High-throughput sequencing of cDNA (RNA-seq) is used extensively to characterize the transcriptome of cells. Many transcriptomic studies aim at comparing either abundance levels or the transcriptome composition between given conditions, and as a first step, the sequencing reads must be used as the basis for abundance quantification of transcriptomic features of interest, such as genes or transcripts. Various quantification approaches have been proposed, ranging from simple counting of reads that overlap given genomic regions to more complex estimation of underlying transcript abundances. In this paper, we show that gene-level abundance estimates and statistical inference offer advantages over transcript-level analyses, in terms of performance and interpretability. We also illustrate that the presence of differential isoform usage can lead to inflated false discovery rates in differential gene expression analyses on simple count matrices but that this can be addressed by incorporating offsets derived from transcript-level abundance estimates. We also show that the problem is relatively minor in several real data sets. Finally, we provide an R package ( tximport) to help users integrate transcript-level abundance estimates from common quantification pipelines into count-based statistical inference engines. PMID:26925227

  13. Cell cycle regulation of RPA1 transcript levels in the trypanosomatid Crithidia fasciculata.

    PubMed Central

    Brown, L M; Ray, D S

    1997-01-01

    Transcripts of both mitochondrial and nuclear DNA replication genes accumulate periodically during the cell cycle in Crithidia fasciculata. An octameric consensus sequence with a conserved hexameric core was found previously to be required for cycling of the TOP2 transcript, encoding the mitochondrial DNA topoisomerase. We show here that the rate of synthesis of the p51 protein, the large subunit of nuclear replication protein-A encoded by the RPA1 gene, varies during the cell cycle in parallel with RPA1 mRNA level. Plasmids expressing a truncated form of RPA1 (Delta RPA1 ) were used to identify cis elements required for cycling of the Delta RPA1 transcript. Sequences within the RPA1 5'-untranslated region (UTR) were found to be necessary for cycling of the Delta RPA1 transcript. These sequences also function when transposed 3'of the Delta RPA1 coding sequence. A 121 bp fragment of this sequence can confer cycling on a heterologous transcript, but is inactivated when two consensus octamers within the sequence are mutated. Mutation of these two octamers in the full-length 5'-UTR ofDelta RPA1 is insufficient to abolish cycling of the mRNA unless three additional octamers having single base changes within the hexameric core are also mutated. Thus, common octameric sequence elements are involved in periodic accumulation of both the TOP2 and RPA1 transcripts. PMID:9241242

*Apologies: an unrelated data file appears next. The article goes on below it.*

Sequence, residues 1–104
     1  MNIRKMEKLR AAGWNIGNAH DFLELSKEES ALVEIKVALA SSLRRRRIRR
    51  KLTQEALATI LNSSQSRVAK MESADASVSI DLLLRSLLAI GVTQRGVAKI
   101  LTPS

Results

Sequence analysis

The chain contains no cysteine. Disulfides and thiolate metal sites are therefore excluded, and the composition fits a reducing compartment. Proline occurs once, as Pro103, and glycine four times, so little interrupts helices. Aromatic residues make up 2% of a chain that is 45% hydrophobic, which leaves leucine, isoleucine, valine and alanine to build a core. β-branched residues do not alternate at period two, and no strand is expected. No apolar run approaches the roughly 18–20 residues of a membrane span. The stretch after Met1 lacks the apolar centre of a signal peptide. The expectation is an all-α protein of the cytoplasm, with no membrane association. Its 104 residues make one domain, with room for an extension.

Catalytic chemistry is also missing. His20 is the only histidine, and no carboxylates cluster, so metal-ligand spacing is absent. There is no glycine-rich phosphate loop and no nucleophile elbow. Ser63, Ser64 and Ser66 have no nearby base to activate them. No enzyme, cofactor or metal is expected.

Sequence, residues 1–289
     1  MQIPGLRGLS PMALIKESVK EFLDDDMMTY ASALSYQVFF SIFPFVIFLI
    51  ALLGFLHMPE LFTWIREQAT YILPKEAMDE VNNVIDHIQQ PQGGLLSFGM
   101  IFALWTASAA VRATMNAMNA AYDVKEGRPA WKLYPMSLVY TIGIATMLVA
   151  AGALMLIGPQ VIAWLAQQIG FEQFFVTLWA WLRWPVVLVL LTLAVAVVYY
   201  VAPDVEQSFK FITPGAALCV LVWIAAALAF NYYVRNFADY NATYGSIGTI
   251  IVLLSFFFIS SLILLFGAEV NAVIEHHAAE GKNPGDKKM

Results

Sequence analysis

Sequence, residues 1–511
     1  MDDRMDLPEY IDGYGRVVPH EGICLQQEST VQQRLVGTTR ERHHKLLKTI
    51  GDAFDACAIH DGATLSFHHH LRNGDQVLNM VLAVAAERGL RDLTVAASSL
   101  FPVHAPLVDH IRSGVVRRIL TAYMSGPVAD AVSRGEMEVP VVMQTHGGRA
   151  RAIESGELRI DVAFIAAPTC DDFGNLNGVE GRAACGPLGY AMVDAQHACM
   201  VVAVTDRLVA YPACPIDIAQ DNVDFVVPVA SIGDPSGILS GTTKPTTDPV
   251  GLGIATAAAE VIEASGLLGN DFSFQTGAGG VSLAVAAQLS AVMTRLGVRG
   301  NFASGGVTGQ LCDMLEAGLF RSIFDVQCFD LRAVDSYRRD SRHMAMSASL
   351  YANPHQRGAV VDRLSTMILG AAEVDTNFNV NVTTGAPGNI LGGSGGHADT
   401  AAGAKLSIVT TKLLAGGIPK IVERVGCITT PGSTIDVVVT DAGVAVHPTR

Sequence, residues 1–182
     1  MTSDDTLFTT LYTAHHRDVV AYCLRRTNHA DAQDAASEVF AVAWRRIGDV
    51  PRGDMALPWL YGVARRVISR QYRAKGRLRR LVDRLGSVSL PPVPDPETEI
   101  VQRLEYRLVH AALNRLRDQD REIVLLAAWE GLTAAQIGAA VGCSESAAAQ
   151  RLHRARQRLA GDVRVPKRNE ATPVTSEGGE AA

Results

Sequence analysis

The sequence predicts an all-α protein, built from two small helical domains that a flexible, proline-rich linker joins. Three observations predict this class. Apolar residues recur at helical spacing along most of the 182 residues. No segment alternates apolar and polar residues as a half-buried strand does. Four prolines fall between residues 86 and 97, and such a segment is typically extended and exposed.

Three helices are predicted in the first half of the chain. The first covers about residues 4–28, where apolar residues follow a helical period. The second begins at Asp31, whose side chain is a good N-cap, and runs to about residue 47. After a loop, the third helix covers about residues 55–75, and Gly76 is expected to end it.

14. Calcium regulates caveolin-1 expression at the transcriptional level

    SciTech Connect

    Yang, Xiao-Yan; Huang, Cheng-Cheng; Kan, Qi-Ming; Li, Yan; Liu, Dan; Zhang, Xue-Cheng; Sato, Toshinori; Yamagata, Sadako; Yamagata, Tatsuya

    2012-09-28

    Highlights: Black-Right-Pointing-Pointer Caveolin-1 expression is regulated by calcium signaling at the transcriptional level. Black-Right-Pointing-Pointer An inhibitor of or siRNA to L-type calcium channel suppressed caveolin-1 expression. Black-Right-Pointing-Pointer Cyclosporine A or an NFAT inhibitor markedly reduced caveolin-1 expression. Black-Right-Pointing-Pointer Caveolin-1 regulation by calcium signaling is observed in several mouse cell lines. -- Abstract: Caveolin-1, an indispensable component of caveolae serving as a transformation suppressor protein, is highly expressed in poorly metastatic mouse osteosarcoma FBJ-S1 cells while highly metastatic FBJ-LL cells express low levels of caveolin-1. Calcium concentration is higher in FBJ-S1 cells than in FBJ-LL cells; therefore, we investigated the possibility that calcium signaling positively regulates caveolin-1 in mouse FBJ-S1 cells. When cells were treated with the calcium channel blocker nifedipine, cyclosporin A (a calcineurin inhibitor), or INCA-6 (a nuclear factor of activated T-cells [NFAT] inhibitor), caveolin-1 expression at the mRNA and protein levels decreased. RNA silencing of voltage-dependent L-type calcium channel subunit alpha-1C resulted in suppression of caveolin-1 expression. This novel caveolin-1 regulation pathway was also identified in mouse NIH 3T3 cells and Lewis lung carcinoma cells. These results indicate that caveolin-1 is positively regulated at the transcriptional level through a novel calcium signaling pathway mediated by L-type calcium channel/Ca{sup 2+}/calcineurin/NFAT.